In Line with Marcelino

My family has been in the Texas Hill Country for at least five generations. While my Central Texas roots run deep, it wasn’t until I moved to Chicago for college that I began to fully appreciate my homeland. As it turns out, I have a fairly significant reservoir of Texas pride. It wasn’t long after the move that I asked my parents to send me a Texas belt buckle, for example—something I would have made fun of while still living in Austin. The other thing I asked my parents to send was boxes and boxes of sausage from Kreuz Market in Lockhart. 

Since I was a child, and well before I was born, my family has visited Kreuz Market regularly. Before the business relocated to a larger facility, it was near Lockhart’s town square, had walls caked black from a century of smoke and seemed held together by flimsy doors. Heavy, long wooden tables carved deep with initials lined the dining hallway that led from the front door to the pits in the back. The building was a time capsule—something I sensed even as a kid standing in line with my dad for a piece of butcher paper covered with sausage and white bread. 

My great grandfather, Marcelino Ramos, came to Lockhart from Mexico sometime around 1915, 15 years after the original Kreuz Market opened for business. Because of the size of Lockhart at that time and the food options available, chances are very good that Marcelino would have been a customer. Current Kreuz Market pitmaster, Roy Perez, says that in 1915, cooking barbecue would have been a little different and more rustic—health codes regarding meat temperature and preparation were not so strictly enforced, for example. And there were still sharp knives attached to the tables by chains for customers to share and use over and over. This would have been the Kreuz Market that Marcelino knew, but the smells and tradition held within that folded butcher paper clutched in his hands—right alongside the saltines, white bread and pickled jalapeños—would have been, and are, the same as today.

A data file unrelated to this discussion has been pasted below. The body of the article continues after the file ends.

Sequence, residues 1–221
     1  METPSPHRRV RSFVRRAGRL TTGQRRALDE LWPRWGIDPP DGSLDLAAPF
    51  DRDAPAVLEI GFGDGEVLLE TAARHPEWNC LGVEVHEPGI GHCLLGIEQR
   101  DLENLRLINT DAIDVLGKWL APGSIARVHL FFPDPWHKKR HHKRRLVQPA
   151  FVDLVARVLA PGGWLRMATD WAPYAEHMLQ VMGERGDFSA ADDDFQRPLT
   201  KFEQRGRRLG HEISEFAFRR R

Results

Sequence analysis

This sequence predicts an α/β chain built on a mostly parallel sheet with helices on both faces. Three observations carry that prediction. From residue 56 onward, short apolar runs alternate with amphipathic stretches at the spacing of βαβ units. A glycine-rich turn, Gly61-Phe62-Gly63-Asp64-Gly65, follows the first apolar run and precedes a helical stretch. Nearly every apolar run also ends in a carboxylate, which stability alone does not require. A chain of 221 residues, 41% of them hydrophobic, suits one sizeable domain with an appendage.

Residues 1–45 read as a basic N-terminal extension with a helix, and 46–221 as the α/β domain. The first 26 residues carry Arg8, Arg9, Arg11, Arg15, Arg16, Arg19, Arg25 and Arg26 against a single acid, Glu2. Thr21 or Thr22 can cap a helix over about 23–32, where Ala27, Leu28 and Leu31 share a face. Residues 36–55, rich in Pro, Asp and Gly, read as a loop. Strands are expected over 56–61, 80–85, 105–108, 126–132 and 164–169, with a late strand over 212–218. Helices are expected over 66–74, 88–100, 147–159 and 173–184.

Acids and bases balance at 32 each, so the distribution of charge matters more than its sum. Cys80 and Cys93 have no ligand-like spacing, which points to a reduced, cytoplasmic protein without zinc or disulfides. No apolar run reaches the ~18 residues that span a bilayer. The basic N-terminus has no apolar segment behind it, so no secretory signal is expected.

I have only one picture of Marcelino. In it, he stands facing the camera with the standard stiffness and blank gaze we expect from antique photography. He wears a light suit and has dark hair and a thick mustache. If Caldwell County history and family lore align dependably, we can assume he was probably a cotton picker and tenant farmer. If so, he would have worked very hard in oppressive conditions—his skin growing darker with days, weeks and months of sun exposure. As difficult as it is for me to imagine his life, it would be more difficult for him to imagine mine now. It’s the inevitable progress of change that makes the tangible experiences shared with our ancestors so important. I am pleased to have a photo of Marcelino, but much more significant to me is the knowledge that, at very different times in Central Texas, he and I most likely walked through the same thin wooden doors of Kreuz Market, passed through the same blackened hallway that my family would end up traversing for over a century, opened up butcher paper and fell in love with the same food. Much more is lost with time than can be kept, which makes those things that remain all the more precious—particularly when those things, such as a beloved food, are among the real pleasures in life. It’s a proud connection I can claim with those like Marcelino who came before me, a rich legacy based in memory and the elegant simplicity of tradition.

By Sam Anderson-Ramos